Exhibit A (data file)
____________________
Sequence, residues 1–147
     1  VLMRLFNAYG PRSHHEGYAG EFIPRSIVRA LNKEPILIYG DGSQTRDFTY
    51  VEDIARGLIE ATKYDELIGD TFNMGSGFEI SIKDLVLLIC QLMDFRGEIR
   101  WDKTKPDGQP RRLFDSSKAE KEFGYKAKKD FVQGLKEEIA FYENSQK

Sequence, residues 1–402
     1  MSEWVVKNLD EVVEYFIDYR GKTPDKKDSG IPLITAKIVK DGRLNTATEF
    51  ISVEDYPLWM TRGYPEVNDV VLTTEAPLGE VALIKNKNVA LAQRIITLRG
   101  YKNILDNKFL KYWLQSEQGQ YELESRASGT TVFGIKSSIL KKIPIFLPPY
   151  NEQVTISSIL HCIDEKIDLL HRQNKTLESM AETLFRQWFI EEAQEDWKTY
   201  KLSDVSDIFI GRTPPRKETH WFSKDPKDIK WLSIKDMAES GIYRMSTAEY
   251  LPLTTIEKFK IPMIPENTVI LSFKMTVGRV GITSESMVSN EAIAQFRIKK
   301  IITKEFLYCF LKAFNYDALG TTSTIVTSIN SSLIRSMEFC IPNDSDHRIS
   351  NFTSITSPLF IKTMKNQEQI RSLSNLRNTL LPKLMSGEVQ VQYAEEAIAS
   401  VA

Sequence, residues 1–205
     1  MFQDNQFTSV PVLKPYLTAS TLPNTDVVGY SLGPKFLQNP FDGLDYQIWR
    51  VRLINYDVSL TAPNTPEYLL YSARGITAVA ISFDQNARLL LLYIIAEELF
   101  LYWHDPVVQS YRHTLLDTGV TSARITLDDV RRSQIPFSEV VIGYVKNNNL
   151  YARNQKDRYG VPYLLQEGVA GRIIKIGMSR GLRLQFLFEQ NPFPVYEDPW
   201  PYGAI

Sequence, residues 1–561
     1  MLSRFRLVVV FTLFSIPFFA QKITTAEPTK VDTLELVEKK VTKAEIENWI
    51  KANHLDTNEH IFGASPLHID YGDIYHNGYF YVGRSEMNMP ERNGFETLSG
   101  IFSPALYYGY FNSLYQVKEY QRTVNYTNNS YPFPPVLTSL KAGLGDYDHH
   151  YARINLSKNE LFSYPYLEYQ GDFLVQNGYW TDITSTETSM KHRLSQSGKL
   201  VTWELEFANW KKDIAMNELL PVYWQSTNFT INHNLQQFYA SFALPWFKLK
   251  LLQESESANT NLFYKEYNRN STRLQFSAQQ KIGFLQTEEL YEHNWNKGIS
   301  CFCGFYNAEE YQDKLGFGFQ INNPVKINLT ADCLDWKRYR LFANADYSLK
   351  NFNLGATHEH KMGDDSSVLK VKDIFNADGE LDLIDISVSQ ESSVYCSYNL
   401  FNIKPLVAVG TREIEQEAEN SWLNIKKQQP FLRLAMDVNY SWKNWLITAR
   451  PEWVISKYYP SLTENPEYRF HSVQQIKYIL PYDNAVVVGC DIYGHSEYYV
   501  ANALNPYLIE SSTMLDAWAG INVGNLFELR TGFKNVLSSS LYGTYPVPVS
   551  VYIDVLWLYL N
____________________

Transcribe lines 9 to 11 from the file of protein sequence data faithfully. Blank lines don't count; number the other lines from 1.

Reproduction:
   151  NEQVTISSIL HCIDEKIDLL HRQNKTLESM AETLFRQWFI EEAQEDWKTY
   201  KLSDVSDIFI GRTPPRKETH WFSKDPKDIK WLSIKDMAES GIYRMSTAEY
   251  LPLTTIEKFK IPMIPENTVI LSFKMTVGRV GITSESMVSN EAIAQFRIKK